Ed Yong has an article in Atlantic on the mysterious evolution of the human chin: “We’re the Only Animals With Chins, and No One Knows Why”. He builds on a recent review paper by James Pampush.
It’s a nice read about a trait that has occupied more than the usual amount of paleoanthropological mindshare over the last hundred years.
For example, during human evolution, our faces shortened and our posture straightened. These changes made our mouths more cramped. To give our tongues and soft tissues more room, and to avoid constricting our airways, the lower jaw developed a forward slope, of which the chin was a side effect. The problem with this idea is that the chin's outer face doesn't follow the contours of its inner face, and has an exceptionally thick knob of bone. None of that screams “space-saving measure.”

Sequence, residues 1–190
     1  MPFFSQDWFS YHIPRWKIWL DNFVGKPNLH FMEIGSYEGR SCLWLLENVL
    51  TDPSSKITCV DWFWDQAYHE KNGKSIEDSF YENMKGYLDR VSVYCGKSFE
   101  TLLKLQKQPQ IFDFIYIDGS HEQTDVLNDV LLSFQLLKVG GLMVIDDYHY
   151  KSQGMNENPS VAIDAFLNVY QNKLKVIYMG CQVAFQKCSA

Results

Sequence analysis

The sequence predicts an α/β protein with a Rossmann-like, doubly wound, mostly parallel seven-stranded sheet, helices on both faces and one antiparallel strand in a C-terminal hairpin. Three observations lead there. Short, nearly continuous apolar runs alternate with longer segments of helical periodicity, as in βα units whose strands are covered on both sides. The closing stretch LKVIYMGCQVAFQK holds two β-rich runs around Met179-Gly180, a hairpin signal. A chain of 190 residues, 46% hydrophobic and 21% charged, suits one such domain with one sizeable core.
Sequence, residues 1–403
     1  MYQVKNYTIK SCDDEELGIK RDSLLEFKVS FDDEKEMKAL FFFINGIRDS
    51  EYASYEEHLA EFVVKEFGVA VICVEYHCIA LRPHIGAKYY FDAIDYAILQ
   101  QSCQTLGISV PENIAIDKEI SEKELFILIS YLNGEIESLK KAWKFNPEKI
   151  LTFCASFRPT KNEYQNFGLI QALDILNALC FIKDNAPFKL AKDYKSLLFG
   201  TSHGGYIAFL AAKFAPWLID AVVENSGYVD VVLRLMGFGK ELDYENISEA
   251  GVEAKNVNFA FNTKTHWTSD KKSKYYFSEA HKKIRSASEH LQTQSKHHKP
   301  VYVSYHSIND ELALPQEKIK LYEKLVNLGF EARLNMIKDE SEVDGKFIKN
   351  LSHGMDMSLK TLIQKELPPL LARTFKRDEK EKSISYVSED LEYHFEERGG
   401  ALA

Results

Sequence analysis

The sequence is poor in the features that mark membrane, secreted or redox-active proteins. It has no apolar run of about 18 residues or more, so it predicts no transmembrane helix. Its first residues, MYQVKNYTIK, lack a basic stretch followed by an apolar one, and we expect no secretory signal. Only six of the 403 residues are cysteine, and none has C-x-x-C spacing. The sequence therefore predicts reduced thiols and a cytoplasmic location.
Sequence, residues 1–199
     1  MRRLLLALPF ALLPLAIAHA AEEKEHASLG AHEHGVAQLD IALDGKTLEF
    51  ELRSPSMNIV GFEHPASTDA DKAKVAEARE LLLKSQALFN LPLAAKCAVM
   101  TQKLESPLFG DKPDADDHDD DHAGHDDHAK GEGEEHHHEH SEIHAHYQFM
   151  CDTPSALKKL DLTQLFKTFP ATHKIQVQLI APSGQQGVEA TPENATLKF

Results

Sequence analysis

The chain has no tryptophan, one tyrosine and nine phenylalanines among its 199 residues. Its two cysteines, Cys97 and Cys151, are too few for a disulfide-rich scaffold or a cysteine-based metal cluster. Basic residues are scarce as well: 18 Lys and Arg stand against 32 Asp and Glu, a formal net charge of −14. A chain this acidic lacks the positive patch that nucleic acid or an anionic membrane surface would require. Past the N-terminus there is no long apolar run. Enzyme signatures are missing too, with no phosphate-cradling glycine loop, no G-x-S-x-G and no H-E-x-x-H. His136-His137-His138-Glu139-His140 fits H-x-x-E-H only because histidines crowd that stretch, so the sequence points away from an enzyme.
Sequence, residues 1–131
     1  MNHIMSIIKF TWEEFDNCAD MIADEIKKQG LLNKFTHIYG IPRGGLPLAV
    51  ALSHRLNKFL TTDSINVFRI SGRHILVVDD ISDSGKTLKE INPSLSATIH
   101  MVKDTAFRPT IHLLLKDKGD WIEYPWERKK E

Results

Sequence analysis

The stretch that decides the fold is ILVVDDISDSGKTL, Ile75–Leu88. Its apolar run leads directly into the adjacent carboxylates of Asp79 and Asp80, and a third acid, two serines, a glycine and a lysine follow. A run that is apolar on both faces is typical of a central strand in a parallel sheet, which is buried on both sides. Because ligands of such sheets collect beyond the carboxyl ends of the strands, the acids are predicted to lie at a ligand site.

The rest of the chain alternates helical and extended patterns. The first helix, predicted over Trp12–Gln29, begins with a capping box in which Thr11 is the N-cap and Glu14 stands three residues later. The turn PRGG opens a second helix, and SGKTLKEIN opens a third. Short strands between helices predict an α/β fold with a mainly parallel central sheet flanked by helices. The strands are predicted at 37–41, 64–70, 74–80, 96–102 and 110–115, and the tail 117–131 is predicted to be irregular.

There are some true “chin nerds” out there who will likely think the article doesn’t treat their favorite hypothesis fairly. The fact is, it’s sort of embarrassing that we have not yet come up with a persuasive test of any of these hypotheses.